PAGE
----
Now that I am home unwinding from what was such an incredible and busy week, I can finally speak about my experience at this year’s DEMiC. This was my first time at DHSI, but it was not my first course through EMiC. Last summer I attended TEMiC in Kelowna where I had the opportunity to learn about different theoretical approaches to editorial work. The course was very useful to orient the beginnings of my editorial project, and for this reason I was eager to attend DEMiC. Although it differed from the course I did last summer, it did not disappoint. I had the opportunity to gain valuable hands-on experience with computer coding by working closely with fellow EMiC students and teachers Zaillig and Josh Pollock in the “A Collaborative Approach to XSLT” course. Following the completion of a challenging but useful week of training, I now come away with a strong foundation in XSLT that will be invaluable to the future of my editorial project, and feel as though I am part of a strong and close community.
Last week’s course promoted exactly what its name proposes: a collaborative approach to XSLT working through the interests of computer coding and literary scholarship. While the course demanded a lot of hard work, it was very well organized which enabled a manageable workload. Josh helped students learn the fundamentals of XSLT, and Zaillig provided his own feedback on the challenges he faced while working with this type of coding on his P.K. Page digital project. In addition, both Pollocks worked together to give insight into multiple possible ways of incorporating XSLT into digital editorial projects and also emphasized the importance of working in teams to generate new ideas. Although I was intimidated at first by the course due to my lack of familiarity with XSLT, both teachers were very patient and open to questions, and for this reason they created a very comfortable learning atmosphere. I was also able to consult other students in the class for guidance, as they were willing to help me work through any kinks I faced throughout the course. It was evident that the sense of collaboration that Zaillig and Josh tried to foster was not limited to their charismatic relationship, but also extended to their interaction with the class and the interaction they encouraged between the students. Albeit I will have to continue working diligently on becoming more comfortable with this new coding language; however, I feel as though the Pollock team has left me with the necessary tools to do so. I would recommend the course to anybody interested in doing digital editorial work, and/or interested in exploring new coding languages in a comfortable and productive learning environment.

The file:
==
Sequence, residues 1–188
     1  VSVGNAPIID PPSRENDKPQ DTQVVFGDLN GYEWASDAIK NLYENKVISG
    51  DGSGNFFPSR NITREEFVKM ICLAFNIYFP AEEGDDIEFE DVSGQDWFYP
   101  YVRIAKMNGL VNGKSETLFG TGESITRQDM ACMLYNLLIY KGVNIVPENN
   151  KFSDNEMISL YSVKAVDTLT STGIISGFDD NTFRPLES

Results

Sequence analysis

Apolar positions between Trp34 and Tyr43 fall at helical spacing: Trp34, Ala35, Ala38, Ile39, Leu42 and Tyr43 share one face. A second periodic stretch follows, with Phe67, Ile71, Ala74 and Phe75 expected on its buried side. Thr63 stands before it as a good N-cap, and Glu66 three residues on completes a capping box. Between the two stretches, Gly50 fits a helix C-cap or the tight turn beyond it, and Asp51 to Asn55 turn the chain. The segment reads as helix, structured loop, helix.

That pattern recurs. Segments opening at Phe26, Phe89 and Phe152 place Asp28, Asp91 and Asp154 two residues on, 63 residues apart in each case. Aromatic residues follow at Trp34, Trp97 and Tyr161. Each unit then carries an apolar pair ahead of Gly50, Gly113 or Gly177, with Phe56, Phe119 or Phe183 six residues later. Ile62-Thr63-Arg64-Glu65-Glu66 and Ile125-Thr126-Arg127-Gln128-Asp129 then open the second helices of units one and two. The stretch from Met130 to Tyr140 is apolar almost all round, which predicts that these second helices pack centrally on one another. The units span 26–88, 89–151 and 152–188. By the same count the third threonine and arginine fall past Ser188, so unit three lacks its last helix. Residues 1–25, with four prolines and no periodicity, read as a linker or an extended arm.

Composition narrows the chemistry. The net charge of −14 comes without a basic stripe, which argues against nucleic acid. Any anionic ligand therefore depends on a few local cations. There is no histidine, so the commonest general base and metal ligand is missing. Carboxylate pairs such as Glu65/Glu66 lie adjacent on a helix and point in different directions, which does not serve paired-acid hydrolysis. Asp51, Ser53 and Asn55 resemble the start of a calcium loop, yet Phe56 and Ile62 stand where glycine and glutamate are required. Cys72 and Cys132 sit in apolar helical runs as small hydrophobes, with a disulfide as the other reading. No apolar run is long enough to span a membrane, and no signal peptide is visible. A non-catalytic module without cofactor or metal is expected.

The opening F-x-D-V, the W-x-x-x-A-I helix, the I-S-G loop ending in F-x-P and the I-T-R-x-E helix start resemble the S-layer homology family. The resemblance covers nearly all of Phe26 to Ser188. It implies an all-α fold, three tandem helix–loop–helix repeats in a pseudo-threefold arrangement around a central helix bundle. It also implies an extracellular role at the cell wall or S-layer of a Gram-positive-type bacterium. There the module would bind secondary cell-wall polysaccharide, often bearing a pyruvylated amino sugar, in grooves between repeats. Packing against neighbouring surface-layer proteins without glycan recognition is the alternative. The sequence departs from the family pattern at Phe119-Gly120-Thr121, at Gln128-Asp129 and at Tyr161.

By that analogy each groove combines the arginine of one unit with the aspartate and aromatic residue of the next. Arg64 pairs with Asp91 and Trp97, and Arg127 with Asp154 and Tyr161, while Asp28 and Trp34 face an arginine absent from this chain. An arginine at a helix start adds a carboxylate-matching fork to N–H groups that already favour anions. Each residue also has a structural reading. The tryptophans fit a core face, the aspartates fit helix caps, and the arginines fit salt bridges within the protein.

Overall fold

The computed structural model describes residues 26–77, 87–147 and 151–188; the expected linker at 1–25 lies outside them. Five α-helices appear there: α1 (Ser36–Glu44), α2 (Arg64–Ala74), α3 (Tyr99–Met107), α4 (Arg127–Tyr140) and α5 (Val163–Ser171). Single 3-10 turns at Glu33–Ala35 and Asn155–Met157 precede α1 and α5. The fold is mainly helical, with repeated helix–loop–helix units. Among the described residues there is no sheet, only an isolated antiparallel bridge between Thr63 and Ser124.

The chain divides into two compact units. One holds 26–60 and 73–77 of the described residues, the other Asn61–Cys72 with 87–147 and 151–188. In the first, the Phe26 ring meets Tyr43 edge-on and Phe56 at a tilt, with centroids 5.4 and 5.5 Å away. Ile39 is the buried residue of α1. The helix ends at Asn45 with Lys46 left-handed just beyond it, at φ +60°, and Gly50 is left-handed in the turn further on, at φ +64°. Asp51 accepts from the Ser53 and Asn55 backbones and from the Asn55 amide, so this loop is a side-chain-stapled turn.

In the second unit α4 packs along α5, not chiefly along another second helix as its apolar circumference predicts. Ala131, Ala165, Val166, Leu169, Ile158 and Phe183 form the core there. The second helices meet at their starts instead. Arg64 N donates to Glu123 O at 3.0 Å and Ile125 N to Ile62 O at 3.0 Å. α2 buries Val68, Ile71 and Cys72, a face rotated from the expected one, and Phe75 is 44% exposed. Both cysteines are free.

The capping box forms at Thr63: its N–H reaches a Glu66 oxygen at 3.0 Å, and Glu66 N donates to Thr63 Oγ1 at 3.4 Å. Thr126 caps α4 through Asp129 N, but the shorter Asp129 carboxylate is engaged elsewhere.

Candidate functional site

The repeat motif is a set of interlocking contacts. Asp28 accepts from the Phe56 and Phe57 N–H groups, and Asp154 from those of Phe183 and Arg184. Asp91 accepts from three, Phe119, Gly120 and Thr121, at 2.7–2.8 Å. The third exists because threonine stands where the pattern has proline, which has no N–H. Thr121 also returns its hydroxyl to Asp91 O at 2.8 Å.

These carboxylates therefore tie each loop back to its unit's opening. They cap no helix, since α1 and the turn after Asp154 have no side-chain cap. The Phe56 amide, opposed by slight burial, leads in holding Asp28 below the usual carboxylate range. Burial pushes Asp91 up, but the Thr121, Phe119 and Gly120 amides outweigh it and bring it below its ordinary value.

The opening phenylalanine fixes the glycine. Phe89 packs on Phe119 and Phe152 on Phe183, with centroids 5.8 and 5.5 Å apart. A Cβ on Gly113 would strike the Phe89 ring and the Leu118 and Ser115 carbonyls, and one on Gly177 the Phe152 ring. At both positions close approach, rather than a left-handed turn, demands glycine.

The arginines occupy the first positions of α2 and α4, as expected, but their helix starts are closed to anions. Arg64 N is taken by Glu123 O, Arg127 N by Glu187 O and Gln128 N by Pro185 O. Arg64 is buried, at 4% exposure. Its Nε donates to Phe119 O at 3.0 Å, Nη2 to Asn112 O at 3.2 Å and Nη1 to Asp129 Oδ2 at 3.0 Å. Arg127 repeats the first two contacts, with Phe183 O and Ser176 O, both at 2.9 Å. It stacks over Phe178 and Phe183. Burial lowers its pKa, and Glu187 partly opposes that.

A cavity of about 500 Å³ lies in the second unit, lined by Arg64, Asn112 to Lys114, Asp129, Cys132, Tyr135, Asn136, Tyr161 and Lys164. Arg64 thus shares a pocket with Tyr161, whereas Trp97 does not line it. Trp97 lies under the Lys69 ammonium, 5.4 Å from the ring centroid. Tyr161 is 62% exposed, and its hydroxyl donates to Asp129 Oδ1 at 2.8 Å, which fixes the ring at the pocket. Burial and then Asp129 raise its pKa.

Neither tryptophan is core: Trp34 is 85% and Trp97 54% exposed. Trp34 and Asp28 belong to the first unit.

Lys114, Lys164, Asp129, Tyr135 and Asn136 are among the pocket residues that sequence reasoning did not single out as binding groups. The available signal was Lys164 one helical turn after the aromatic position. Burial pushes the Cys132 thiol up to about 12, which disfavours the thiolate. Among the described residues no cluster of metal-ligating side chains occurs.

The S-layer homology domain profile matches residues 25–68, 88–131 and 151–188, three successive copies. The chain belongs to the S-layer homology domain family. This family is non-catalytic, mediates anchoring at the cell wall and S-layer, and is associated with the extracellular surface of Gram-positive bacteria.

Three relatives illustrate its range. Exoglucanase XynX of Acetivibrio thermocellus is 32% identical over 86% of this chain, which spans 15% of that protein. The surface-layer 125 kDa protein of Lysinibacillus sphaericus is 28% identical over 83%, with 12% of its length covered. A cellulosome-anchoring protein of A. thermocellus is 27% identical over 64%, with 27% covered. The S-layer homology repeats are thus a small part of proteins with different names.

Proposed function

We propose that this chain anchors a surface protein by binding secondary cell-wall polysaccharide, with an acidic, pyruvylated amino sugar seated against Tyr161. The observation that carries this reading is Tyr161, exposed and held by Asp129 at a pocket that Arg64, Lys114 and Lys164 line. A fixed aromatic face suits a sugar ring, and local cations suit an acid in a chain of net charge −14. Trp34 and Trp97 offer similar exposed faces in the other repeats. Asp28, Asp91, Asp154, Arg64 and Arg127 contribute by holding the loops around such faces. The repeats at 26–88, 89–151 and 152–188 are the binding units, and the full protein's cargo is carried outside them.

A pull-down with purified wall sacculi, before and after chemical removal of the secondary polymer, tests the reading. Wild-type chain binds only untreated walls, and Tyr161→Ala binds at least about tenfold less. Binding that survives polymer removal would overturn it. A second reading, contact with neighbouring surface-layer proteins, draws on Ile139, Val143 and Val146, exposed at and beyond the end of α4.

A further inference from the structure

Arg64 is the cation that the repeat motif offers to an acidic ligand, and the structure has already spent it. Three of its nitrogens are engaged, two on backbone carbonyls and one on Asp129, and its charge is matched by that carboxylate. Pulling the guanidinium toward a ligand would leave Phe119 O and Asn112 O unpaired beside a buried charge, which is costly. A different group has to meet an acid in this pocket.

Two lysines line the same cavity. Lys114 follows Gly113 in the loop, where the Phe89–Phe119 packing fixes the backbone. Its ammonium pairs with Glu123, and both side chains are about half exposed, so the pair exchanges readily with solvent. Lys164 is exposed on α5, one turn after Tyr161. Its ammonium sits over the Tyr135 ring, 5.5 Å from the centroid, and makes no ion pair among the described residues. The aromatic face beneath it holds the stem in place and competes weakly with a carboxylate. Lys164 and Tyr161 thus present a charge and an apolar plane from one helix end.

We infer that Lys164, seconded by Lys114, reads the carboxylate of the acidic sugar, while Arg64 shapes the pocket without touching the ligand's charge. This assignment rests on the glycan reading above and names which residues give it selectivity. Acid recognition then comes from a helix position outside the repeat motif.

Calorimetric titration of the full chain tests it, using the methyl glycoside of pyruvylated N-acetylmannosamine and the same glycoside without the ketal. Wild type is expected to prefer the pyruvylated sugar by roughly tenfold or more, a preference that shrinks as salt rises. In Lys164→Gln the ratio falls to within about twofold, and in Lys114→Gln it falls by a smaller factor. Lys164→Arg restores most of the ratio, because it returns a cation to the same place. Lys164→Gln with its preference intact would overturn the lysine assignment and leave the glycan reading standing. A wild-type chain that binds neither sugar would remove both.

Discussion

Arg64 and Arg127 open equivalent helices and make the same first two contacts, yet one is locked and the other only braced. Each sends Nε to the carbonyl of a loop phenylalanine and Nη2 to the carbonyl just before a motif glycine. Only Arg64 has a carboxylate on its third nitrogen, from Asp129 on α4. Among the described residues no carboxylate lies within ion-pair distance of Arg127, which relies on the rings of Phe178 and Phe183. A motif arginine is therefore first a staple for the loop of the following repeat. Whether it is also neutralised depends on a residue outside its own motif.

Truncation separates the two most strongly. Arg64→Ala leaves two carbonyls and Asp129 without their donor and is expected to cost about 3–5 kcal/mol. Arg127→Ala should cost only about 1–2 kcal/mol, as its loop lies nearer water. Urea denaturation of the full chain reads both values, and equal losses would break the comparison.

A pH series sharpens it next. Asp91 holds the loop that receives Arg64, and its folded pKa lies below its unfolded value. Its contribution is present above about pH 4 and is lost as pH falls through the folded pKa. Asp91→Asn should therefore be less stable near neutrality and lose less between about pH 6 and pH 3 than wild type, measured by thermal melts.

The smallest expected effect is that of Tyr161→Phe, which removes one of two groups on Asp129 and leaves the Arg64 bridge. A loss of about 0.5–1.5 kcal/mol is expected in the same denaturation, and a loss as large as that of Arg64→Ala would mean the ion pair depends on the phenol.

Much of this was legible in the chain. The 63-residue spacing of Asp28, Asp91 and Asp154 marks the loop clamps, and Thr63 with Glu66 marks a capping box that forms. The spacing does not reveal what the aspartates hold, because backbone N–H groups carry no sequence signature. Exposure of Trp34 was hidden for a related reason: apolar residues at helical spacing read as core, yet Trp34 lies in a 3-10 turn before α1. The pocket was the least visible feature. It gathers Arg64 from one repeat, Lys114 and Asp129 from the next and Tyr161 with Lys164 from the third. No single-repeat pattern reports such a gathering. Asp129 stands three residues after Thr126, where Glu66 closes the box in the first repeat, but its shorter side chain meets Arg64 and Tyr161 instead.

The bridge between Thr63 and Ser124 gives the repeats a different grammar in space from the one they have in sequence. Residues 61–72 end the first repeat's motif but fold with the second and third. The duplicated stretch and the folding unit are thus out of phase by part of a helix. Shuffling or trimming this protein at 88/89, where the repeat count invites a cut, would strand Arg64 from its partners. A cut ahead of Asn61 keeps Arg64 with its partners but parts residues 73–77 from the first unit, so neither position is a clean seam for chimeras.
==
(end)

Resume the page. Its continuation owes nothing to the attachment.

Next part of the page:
Not only was the course a great collaborative learning experience, but I also enjoyed the opportunity to meet many EMiCers outside of class, and catching up with people I met at last year’s TEMiC. I come away from this experience not only feeling more comfortable with the concept of creating a digital project, but also as though I am part of a close community that is very supportive of its members. While I am sad that this was the last time DEMiC will happen, I am happy to have met so many interesting individuals, and to have learned from them. The course has only heightened my excitement for TEMiC next month where I will have the opportunity to gain more theoretical knowledge on sound archiving, and where I will be rejoining my fellow EMiC friends. For those who will be at TEMiC next month, see you soon! For the others, I look forward to crossing paths with you sometime soon!
DHSI 2014 is done, and most EMiCites will be heading home tonight or early tomorrow. Many have captured their experience of DHSI—some in Victoria for the first time, others for the last—on the EMiC blog. If you were were too busy XSLTing or doing yoga on the lawn of the cluster housing to keep up, now’s your chance: a roundup of DSHI 2014 blog posts is below. The list will be updated as more posts are published.
Lee Skallerup Bessette acknowledges the overwhelm that is DSHI Day One: http://editingmodernism.ca/2014/06/dhsi2014-all-the-things-all-the-people/
Hannah McGregor talks network visualization and the role of DHSI in fostering EMiC and DH community: http://editingmodernism.ca/2014/06/thinking-with-networks/
Chris Doody reports back from Zailig and Josh Pollock’s new course in collaborative XSLT: http://editingmodernism.ca/2014/06/a-collaborative-approach-to-xslt-and-a-riddle/
Emily Ballantyne advocates for the the value of vocabulary, not just expertise: http://editingmodernism.ca/2014/06/the-art-of-conversation-learning-the-language-of-xslt/
James Neufeld reflects on the experience of one again being an apprentice: http://editingmodernism.ca/2014/06/lessons-learned-from-collaborative-xslt/
Marc Fortin creates beautiful visualizations of Aboriginal language networks: http://editingmodernism.ca/2014/06/visualizing-the-landscape-of-aboriginal-languages/
Kaarina Mikalson absorbs confidence from the community of DHSI, of EMiC, and of DH: http://editingmodernism.ca/2014/06/on-belonging/
Emily Ballantyne says goodbye to DHSI after 6 years: http://editingmodernism.ca/2014/06/saying-goodbye/
And so does Jeff Weingarten: http://editingmodernism.ca/2014/06/thoughts-on-the-last-dhsi/
Sarah Vela on her first DHSI, and the learning curve of DH: http://editingmodernism.ca/2014/06/dhsi-and-the-never-ending-learning-curve-of-the-digital-humanities/
Emily Robins Sharpe on the affective side of collaboration: http://editingmodernism.ca/2014/06/what-does-it-mean-to-collaborate/
Alana Fletcher demos out-of-the-box text analysis: http://editingmodernism.ca/2014/06/tool-tutorial-out-of-the-box-text-analysis/
Anouk Lang gives us eleven more reasons (on top of her original twenty-two) to go to DHSI: http://editingmodernism.ca/2014/06/thirty-three-ways-of-looking-at-a-dhsi-week/
In 2012, after a brilliant week of taking the GIS course at DHSI, I wrote a post with twenty-two reasons to go to DHSI. I did not think it was possible, but this week has been even better than that one, in part because I am now much further in to my work with digital methods, and my comfort levels are much higher. So, herewith a followup post, two years on, with eleven further reasons to convince anyone who hasn’t yet drunk the kool-aid, or to choose a more database-appropriate metaphor, taken the red pill.